‘Tales of Hoffman’ a musical masterpiece
Stories of three lost loves told to powerful effect in Skylight production

By JULIE McHALE - TimeOut Theater Critic

March 22, 2018

Susan Wiedmeyer (Antonia) and John Kaneklides (Hoffmann) in Skylight Music Theatre’s production of “The Tales of Hoffmann” in association with the Milwaukee Opera Theatre at the Cabot Theatre stage.
Mark Frohna

MILWAUKEE - Under the masterful touch of Skylight Music Theatre director Jill Anna Ponasik and a score of creative musical artists and talented artisans, “The Tales of Hoffmann” opens with a sassy series of announcements sung by Jean Broekhuizen.

Already we can sense that a musical masterpiece is in store with a sumptuous set design (Lisa Anne Schlenker), breathtaking costumes (Sonya Berlovitz) and clever choreography (James Zager). As described by the composer himself, E.T.A. Hoffmann calls it, “A mix of music, movement and mayhem.” Sadly, his death preceded its performance.

This is a series of tales about unrequited or lost loves and how often these painful experiences give birth to art. (Think of how many songs recount this incomparable ache.) The poet Hoffmann is experiencing writer’s block and as suggested by his muse, Nicklausse, sassily portrayed by Diane Lane, he turns to three of his past amorous ordeals to afford inspiration.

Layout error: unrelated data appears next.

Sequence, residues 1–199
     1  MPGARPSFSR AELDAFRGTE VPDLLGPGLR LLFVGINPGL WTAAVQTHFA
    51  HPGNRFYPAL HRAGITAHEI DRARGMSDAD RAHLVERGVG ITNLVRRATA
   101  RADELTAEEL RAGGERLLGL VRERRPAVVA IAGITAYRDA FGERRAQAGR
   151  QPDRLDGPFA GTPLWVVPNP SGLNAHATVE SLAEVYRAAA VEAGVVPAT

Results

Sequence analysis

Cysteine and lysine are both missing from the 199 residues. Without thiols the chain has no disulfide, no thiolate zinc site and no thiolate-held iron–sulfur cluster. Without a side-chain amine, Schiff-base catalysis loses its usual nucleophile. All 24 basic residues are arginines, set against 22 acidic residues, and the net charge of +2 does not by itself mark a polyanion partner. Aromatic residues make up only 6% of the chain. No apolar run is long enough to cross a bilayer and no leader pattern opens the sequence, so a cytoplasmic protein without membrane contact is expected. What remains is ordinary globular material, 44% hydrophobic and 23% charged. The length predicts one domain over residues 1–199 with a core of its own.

The play with fantastic vocals is structured into three separate acts with an intermission between each dire heartbreaker.

First, there’s Olympia, the beautiful mechanical doll, whom the clever inventor Spalanzani has crafted. Hoffman falls hard for her before he discovers that she’s not real. Cecilia Davis aces the role. Her flexible, soaring voice coupled with her robotic physicality and dart-like staccato musical delivery is mesmerizing.

Hoffman’s second disaster comes in the form of a sickly young woman with an overprotective father. The beautiful doomed Antonia (Susan Wiedmeyer) dies before she is able to elope with Hoffman, but not before she delivers a gorgeous duet with her dead mother (Carol Greif) whom she soon joins.

The third unconsummated amorous calamity involves the attractive sorceress Giulietta, a self-centered, avaricious woman. The attractive Ariana Douglas looks the part and has a glorious voice to match.

Amid a throng of stars, John Kaneklides, with his luscious tenor and forlorn appearance, resurrects Hoffmann with his magnetic power and beautiful, rich tones.

The minimal but all-encompassing orchestration (two pianos, a harp and a plethora of percussive instruments) is displayed on stage, very much in synch with all the action and the music. Kerry Bieneman, Rebecca Royce, Josh Robinson and Michael “Ding” Lorenz deliver here.

Some clever touches of humor were provided by Brett Sweeney in his cameo roles.

Don’t miss this incomparable display of talent and ingenuity. The delicate “Barcarolle,” an unforgettable melody, is sensitively rendered by the whole ensemble. Thanks to Jacques Offenbach, the composer who completed Hoffmann’s uncompleted masterpiece.

“Tales of Hoffmann”

The musical runs through March 29 in the Cabot Hall in the Broadway Theatre Center, 108 N. Broadway, Milwaukee. Call 414-291-7800 or visit